However, the dialogue between the sales floor and vendors can go both ways, added Kors, who emphasized the importance of remaining in touch with customers’ real-life needs and preferences. One great way to do that, said Kors, is to meet and talk to customers at events like trunk shows — something the designer has been doing since he launched his company 22 years ago. “I’d always heard about Bill Blass, the king of the trunk shows. I thought he always did this amazing job because he really knew his customer,” remembered Kors. “I actually still love doing trunk shows — I’m probably one of the last of the Mohicans. It’s still one of the best sources of information.”
Other advice Stroll emphasized was that it’s important to focus on key retail locations, and not try to market something and believe every door is going to be gangbusters. “It’s important to remember that famous 80/20 rule — that 20 percent of your doors are going to do 80 percent of your business. I think we need to focus on the State Streets and Union Squares and Fifth Avenues.”
Lacking from the current retail formula are excitement and drama, in either the merchandise offered or the way it’s presented, continued Stroll, offering up in contrast glitzy British retailer Selfridges as an example of a retailer doing things right. But part of the problem has been a dearth of powerful new labels at retail, according to Stroll, who is betting a fortune on Kors to fill that void. “I don’t think there has been a great apparel launch in the past seven or eight years. We saw that there has not been, and there needed to be, the next great American designer,” he said of his and partner Silas Chou’s decision to acquire a majority of Michael Kors.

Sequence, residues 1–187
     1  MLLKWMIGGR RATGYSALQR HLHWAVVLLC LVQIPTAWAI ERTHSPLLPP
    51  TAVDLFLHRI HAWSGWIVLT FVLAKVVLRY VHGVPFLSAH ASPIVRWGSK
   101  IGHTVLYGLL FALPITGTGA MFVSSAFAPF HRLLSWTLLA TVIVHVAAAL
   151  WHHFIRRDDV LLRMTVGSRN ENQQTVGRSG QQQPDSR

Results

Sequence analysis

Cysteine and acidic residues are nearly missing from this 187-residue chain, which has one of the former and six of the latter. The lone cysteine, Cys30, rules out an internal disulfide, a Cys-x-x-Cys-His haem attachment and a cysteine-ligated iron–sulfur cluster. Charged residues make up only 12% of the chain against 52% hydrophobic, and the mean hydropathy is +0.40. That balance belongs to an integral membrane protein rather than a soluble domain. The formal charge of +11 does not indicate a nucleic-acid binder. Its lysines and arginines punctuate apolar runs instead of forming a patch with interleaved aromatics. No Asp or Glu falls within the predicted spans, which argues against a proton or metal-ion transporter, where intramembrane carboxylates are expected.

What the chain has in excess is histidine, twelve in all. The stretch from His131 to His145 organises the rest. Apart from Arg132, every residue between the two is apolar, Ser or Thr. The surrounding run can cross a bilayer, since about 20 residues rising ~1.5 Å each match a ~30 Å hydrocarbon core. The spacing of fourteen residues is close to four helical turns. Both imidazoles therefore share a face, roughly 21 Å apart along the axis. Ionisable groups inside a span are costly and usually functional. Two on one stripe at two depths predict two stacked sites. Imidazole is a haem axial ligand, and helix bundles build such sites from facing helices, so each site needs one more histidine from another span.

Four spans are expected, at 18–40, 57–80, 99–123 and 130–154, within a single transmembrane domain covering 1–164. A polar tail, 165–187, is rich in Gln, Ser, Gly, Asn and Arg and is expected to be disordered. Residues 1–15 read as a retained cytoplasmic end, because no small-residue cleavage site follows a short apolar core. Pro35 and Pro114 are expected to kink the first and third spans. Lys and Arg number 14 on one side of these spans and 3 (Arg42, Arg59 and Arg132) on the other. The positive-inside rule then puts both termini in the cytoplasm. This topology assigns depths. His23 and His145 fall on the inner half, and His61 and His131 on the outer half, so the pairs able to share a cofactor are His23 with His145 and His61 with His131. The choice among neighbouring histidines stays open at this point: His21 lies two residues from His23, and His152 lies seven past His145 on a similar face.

In the quest to turn Michael Kors into a brand as influential and inescapable as a Ralph Lauren or Calvin Klein, the company will continue to expand its men’s and women’s Collection businesses within upper-tier department and specialty stores, as well as open freestanding stores. (A lease for a new Beverly Hills shop is about to be signed, according to Stroll.) “We’re going to be coming after you Burt [Tanksy, ceo of Neiman Marcus], and the Holt Renfrews and the Harvey Nichols and Saks of this world, to put up the most beautiful and luxurious shop-in-shops. We’re going to support it with the proper marketing and with all the in-store people. It’s very capital-intensive, and it’s an investment that we’re very prepared to make,” said Stroll, who along with Chou also controls the Asprey and Garrard luxury brands.
The second, and more ambitious, component of the growth strategy for Michael Kors is the wide-ranging launch of the new better label, called Michael Michael Kors, intended to catapult the company’s sales over the threshold of $1 billion a year by filling the increasing demand for affordable luxury. “It’s an unprecedented launch with so many simultaneous products, and that’s out of design, not accident,” explained Stroll. “We will be launching a full women’s collection, a full women’s handbag collection, a full shoe collection, a full men’s collection, belts, clothing, furnishings, a new fragrance with Lauder. We believe that to be successful, we have to have critical mass in the doors that we are in.”
Asked if he was concerned about eroding the brand value of the Michael Kors name with the debut of the lower-priced Michael line, Kors pointed to himself as a prime example of someone who appreciates high and low price points. “I think about what I’m wearing today,” he pointed out. “A Michael Kors jacket, Charvet shirt, Levi’s 501’s, a Hermès belt, Weston shoes and no socks, ever! I think the reality is we all mix price points.”